If Toys R’ Us and a dumpster had a baby, it would be my house. It’s a mess, all the time.
I’m trying to teach my children responsibility, but they are freaking slobs, and I’m losing my mind. Every day is Groundhog Day, I repeat the same sentences, battle the same problems, and trip over the same toys.
I get angry looking at the mess.
The floors and walkways are congested with kid crap—shoes are scattered near the front door, toy buckets over-turned, books piled on the sofa, end tables, and kitchen counter. A doll here, a truck there, two backpacks, multiple jackets, things hanging from chairs and banisters instead of in the closet—as God intended.
I yell, “If you can’t take care of your things, then I’m going to take them, and you won’t get them back!”
And I do. Before long I run out of places to put the toys and nonsense I’ve collected. No one seems to notice, or care, that these items are missing.
I could throw them away, and boy, do I want to, but these things cost money—my money. Most of the time it’s things I can’t throw away, anyway. The school might take issue with me trashing library books, or sending my kids to class shoeless. “Sorry, Mrs. Johnson, I threw their shoes in the garbage after they left them in the middle of the floor for the 82nd time.”
I’m starting to understand why Laura Ingalls Wilder’s parents only gave her a penny, a peppermint stick, and a tin cup for Christmas—less to trip over.
So, I take these toys as their “punishment”, and I stuff them in my closet. This will teach them to clean up after themselves, I think.
Do they care? No, no they don’t.
Now, I can’t reach my own clothing without scaling a mountain of kid contraband. Every toy worth playing with is in my closet, so my house is relatively clean. But, since all the entertainment is on lockdown, they have nothing to play with, so they’re “boooorreeeddd!” They resort to playing with each other, which would be great if they were using their imaginations, or at the very least, not acting like feral children. But instead, they irritate each other, assault each other, and scream.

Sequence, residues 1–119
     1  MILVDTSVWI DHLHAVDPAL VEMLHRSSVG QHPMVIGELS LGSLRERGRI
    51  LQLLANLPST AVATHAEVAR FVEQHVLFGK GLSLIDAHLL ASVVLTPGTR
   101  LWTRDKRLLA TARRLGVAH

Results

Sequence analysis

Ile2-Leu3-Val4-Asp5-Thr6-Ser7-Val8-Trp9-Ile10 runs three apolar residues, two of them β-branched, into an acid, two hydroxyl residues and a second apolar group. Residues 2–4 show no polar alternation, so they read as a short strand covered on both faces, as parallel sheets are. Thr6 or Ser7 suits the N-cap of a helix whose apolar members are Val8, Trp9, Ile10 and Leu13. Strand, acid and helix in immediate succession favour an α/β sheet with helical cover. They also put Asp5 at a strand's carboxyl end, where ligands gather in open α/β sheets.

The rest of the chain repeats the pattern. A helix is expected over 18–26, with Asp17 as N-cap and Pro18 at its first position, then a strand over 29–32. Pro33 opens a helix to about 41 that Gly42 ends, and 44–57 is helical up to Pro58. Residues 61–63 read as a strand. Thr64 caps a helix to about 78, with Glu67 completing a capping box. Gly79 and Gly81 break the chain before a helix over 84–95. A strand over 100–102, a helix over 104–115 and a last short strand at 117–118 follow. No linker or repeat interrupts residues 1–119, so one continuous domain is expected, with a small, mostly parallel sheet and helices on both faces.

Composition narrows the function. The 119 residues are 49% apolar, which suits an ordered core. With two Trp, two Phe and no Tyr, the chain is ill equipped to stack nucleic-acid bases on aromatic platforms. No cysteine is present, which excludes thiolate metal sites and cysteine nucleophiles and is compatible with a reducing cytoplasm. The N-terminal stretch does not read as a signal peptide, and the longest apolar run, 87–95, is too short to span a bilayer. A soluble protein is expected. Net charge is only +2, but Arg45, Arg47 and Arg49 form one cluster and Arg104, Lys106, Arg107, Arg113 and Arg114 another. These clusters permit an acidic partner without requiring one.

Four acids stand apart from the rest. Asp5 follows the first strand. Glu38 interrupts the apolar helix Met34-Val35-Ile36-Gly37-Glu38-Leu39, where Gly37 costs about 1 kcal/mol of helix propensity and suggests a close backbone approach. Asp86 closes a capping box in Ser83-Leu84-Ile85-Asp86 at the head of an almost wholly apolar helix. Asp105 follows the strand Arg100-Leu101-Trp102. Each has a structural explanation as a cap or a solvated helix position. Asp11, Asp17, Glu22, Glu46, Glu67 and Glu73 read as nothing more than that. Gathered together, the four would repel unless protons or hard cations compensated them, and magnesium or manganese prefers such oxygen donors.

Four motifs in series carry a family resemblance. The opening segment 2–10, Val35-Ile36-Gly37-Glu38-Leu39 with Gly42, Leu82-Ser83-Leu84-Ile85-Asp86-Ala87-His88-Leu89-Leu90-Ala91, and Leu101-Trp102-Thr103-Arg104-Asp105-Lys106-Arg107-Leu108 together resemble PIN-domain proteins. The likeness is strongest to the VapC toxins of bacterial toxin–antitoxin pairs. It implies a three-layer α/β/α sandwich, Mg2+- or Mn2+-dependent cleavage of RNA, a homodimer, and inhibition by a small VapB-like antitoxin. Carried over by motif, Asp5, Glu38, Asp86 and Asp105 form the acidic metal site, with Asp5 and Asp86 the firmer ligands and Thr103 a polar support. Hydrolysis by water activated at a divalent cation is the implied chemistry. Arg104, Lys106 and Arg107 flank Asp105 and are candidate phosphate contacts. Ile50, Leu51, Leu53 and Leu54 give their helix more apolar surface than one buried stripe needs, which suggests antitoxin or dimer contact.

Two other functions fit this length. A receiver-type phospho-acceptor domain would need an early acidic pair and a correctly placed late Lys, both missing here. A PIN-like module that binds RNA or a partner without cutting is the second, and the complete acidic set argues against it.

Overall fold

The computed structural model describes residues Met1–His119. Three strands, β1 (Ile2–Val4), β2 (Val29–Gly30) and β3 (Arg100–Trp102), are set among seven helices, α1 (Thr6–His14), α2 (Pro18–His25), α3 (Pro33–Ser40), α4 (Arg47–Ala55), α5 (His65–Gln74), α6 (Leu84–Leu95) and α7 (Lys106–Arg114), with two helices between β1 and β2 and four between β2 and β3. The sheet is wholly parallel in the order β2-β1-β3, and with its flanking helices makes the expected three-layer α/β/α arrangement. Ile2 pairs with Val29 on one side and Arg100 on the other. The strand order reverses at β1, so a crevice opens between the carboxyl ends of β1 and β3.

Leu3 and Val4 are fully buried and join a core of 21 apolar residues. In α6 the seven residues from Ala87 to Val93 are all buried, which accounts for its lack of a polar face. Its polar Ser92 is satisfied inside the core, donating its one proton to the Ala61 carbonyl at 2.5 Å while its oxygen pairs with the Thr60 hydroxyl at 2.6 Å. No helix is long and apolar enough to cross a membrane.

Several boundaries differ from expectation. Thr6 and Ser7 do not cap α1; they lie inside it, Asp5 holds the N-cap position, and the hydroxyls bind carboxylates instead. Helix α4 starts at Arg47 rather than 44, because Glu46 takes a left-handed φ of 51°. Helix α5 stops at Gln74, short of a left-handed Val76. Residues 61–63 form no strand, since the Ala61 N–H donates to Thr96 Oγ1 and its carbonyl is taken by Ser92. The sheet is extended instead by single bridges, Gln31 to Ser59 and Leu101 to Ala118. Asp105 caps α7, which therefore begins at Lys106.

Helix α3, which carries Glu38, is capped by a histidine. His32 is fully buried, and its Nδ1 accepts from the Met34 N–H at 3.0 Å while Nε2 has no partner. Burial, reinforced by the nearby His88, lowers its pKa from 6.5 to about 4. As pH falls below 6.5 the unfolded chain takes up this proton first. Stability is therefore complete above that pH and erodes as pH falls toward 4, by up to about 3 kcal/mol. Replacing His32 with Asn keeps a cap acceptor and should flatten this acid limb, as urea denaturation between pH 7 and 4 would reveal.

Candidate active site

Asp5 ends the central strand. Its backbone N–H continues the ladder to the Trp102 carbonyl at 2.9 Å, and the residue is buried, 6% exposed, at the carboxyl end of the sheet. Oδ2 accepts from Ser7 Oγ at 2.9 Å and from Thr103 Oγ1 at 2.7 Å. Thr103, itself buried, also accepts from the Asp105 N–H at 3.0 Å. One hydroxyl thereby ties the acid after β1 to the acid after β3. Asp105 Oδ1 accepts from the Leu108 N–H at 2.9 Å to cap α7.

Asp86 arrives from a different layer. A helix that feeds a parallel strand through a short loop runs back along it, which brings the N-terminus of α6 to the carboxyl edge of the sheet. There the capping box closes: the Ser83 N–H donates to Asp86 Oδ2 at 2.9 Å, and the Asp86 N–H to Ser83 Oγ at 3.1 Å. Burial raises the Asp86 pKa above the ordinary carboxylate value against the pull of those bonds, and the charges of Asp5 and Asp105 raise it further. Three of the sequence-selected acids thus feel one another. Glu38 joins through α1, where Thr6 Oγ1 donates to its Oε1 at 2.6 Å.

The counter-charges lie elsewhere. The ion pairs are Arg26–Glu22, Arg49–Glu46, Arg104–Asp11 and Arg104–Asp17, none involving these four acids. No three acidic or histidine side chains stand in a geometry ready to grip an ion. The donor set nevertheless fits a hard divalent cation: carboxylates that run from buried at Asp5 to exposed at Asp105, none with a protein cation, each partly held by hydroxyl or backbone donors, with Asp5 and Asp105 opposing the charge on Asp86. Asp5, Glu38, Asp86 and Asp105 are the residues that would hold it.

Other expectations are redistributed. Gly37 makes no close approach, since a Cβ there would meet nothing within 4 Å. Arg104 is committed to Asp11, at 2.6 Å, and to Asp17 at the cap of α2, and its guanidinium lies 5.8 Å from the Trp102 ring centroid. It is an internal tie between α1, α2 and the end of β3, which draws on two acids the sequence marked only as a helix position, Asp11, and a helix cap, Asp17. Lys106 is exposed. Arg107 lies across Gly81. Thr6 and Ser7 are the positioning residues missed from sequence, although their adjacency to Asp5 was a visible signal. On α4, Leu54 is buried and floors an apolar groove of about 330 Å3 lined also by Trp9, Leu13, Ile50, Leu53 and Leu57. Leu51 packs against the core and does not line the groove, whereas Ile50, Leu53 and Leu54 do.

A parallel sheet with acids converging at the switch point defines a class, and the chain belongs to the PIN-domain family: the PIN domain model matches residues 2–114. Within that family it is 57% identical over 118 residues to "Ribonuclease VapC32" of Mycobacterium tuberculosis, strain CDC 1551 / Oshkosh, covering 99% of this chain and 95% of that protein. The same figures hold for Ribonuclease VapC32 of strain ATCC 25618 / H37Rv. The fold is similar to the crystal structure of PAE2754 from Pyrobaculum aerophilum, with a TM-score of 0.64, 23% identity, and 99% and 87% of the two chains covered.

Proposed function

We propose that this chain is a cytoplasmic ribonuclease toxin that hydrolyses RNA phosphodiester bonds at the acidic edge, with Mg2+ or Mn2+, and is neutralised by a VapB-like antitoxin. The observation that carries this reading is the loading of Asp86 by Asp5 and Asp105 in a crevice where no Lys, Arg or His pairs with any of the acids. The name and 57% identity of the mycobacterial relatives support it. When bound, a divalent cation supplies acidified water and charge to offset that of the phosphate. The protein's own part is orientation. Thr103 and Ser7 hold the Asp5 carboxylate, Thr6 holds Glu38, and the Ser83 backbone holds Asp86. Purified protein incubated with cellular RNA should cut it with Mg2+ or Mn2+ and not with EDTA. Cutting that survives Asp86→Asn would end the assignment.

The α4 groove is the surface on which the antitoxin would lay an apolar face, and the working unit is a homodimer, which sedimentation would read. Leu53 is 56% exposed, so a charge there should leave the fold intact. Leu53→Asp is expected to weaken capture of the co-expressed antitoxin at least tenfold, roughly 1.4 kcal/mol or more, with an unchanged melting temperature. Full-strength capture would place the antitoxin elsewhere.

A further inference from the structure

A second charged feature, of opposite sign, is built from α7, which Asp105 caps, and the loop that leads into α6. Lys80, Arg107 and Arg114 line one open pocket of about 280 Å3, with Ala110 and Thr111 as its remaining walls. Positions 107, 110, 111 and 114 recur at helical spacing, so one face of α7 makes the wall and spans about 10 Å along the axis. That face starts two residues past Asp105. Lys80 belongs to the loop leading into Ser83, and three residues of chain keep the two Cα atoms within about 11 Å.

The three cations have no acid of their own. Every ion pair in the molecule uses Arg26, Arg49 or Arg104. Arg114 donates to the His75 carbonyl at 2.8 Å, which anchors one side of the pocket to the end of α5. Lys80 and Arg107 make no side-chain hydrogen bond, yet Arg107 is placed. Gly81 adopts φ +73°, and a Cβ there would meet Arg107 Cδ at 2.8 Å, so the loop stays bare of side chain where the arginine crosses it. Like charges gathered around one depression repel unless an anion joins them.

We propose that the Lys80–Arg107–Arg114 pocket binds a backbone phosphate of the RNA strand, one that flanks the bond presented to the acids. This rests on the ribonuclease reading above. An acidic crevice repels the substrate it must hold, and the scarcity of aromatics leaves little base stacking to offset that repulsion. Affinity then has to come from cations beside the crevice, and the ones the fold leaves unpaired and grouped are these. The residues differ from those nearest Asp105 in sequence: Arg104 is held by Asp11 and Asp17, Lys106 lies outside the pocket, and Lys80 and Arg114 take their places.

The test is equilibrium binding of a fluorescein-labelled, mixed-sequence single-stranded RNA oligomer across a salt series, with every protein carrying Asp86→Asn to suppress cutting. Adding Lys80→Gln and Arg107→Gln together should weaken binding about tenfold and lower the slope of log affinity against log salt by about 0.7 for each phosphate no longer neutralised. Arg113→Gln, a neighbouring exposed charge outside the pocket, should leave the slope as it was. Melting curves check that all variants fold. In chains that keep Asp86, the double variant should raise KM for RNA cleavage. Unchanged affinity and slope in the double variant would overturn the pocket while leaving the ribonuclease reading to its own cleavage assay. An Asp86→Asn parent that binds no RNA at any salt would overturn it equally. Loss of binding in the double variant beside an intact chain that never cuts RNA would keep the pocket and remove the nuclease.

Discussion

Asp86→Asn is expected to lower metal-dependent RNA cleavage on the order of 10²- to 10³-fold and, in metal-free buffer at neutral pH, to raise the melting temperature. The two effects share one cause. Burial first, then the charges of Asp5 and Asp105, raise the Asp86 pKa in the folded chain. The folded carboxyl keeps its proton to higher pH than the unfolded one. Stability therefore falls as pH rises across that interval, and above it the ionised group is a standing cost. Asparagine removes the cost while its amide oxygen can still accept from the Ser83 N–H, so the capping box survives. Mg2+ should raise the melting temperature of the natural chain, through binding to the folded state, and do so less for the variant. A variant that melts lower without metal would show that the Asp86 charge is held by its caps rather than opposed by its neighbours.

My right eye begins to twitch from all the screaming. I close the bedroom door, so they can “play” out of earshot. Imagine my excitement when they emerge every two minutes with a complaint. “Mommmmmyyyyy….”, they whine, approaching with a limp. They report their grievances, I demand apologies, lather, rinse, repeat.
I do more regulating than Warren G. Whose punishment is this, again?
With the only three toys left in the house, they manage to make a mess worthy of FEMA assistance, and casually wander away. Do they care if these toys are collected and stored away with the rest of their belongings? No, no they don’t.
I need to know they will get this someday—the “picking up after yourself” thing. With every toy I collect, and privilege I revoke, I’m losing patience, and faith.
I open a Tupperware container of leftover birthday cake, and proceed to eat 3,000 calories while I mull over my options. At this point they are too old to leave at a fire station, so I say what I always say, “If you can’t take care of your things, then I’m going to take them, and you won’t get them back!”
I guess I’ll just shove them in the closet with the rest of their crap. Like I said, Groundhog Day.